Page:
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THURSDAY, April 9, 2015 (HealthDay News) -- Graphic images increase the impact that cigarette warning labels have on young adults in the United States, a new study says.
The study included smokers and non-smokers, ages 18-25, who took part in a nationwide survey that asked how much they learned about the dangers of smoking from cigarette warning labels.
Increasing the awareness of the "true consequences" of smoking may not only encourage people to quit or even never start smoking, "but may actually drive the emotional experience of the label, which we know is an important predictor of motivation," said study author Renee Magnan, an assistant professor of psychology at Washington State University Vancouver.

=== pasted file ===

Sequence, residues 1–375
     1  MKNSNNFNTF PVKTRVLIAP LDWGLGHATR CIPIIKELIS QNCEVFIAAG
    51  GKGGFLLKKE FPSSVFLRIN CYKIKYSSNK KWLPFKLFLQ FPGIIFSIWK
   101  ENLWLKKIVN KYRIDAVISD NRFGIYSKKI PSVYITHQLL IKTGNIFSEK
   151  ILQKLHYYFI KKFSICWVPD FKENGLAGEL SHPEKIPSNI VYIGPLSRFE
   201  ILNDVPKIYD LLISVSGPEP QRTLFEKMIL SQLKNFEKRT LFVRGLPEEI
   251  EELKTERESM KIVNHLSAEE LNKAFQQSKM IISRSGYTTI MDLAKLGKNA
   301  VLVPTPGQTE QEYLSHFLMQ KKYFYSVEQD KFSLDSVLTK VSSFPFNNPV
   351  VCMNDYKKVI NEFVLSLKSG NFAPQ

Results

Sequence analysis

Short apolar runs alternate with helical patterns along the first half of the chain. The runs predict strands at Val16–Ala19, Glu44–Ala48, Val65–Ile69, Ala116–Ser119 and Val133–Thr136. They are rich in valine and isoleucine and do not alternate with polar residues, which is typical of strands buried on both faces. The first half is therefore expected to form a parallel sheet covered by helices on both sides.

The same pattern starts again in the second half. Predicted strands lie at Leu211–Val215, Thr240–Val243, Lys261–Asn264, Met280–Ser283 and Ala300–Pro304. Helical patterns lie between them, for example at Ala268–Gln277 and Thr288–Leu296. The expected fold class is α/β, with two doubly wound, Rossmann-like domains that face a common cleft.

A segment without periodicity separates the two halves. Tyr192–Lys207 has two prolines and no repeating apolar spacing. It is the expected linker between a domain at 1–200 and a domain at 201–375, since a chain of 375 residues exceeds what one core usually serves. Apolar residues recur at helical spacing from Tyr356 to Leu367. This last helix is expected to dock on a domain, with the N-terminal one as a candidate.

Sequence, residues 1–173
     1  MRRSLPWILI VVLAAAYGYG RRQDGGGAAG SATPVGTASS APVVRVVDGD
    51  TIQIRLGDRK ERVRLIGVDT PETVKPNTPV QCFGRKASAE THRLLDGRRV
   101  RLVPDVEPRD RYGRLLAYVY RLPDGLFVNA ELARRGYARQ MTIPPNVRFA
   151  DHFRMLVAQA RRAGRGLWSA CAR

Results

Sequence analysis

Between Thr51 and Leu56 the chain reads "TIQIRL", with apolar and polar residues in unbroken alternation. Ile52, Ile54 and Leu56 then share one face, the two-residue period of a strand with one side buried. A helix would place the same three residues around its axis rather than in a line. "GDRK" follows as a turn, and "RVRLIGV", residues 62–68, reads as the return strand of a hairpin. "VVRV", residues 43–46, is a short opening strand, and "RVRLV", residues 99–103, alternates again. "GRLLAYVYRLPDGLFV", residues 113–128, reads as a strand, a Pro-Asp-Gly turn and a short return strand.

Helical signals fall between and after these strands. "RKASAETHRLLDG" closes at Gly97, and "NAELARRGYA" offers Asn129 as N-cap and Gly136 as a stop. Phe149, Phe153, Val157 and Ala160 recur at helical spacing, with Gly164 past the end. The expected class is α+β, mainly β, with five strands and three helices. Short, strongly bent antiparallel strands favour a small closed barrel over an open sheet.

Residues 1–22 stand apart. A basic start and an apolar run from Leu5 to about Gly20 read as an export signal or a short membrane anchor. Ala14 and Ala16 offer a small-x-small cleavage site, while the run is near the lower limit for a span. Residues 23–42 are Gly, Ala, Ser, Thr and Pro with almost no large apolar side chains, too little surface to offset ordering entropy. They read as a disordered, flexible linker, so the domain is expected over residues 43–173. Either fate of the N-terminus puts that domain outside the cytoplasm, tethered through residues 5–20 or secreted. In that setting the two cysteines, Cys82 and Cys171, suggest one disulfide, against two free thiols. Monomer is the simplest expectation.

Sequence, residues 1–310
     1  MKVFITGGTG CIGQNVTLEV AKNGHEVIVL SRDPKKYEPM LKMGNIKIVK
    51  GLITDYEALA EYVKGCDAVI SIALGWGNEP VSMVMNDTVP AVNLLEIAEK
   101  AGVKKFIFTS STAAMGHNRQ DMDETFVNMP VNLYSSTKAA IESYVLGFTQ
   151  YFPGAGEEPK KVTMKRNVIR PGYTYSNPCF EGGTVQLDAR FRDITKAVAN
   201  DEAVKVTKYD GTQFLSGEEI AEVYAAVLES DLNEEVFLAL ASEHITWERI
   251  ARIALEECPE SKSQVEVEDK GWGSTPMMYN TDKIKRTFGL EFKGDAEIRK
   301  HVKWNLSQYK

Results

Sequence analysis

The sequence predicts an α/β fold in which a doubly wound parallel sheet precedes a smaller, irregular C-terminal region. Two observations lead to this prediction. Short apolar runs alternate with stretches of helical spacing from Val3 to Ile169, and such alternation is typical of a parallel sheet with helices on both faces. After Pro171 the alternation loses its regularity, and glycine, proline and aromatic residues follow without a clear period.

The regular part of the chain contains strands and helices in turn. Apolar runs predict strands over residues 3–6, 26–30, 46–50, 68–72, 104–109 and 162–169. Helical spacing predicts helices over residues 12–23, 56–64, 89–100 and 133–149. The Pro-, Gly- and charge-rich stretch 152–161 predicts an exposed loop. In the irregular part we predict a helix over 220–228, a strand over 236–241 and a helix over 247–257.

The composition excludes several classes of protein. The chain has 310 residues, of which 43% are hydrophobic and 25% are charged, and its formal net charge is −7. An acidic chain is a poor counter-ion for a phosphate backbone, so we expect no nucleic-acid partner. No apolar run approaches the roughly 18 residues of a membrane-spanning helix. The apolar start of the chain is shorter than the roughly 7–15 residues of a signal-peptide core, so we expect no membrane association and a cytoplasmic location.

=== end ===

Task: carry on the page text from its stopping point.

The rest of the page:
The participants overwhelmingly said that the warning labels with images gave them a much better understanding and more knowledge about the risks of smoking, triggered more worry about the effects of smoking, and did more to discourage smoking, compared to text-only warning labels.
The study was published online in the journal Annals of Behavioral Medicine.
The findings suggest that clearer, more informative warning labels on cigarettes are more likely to be heeded by smokers, Magnan said.
"Although this is a preliminary investigation, from a policy perspective, these outcomes suggest that focusing on deriving greater understanding and knowledge from such labels may have more impact in terms of both motivational and emotional responses," Magnan said in a university news release.
"Importantly, however, these labels are only a small piece of what should be a larger campaign to educate the public on the dangers of smoking," Magnan added.
-- Robert Preidt
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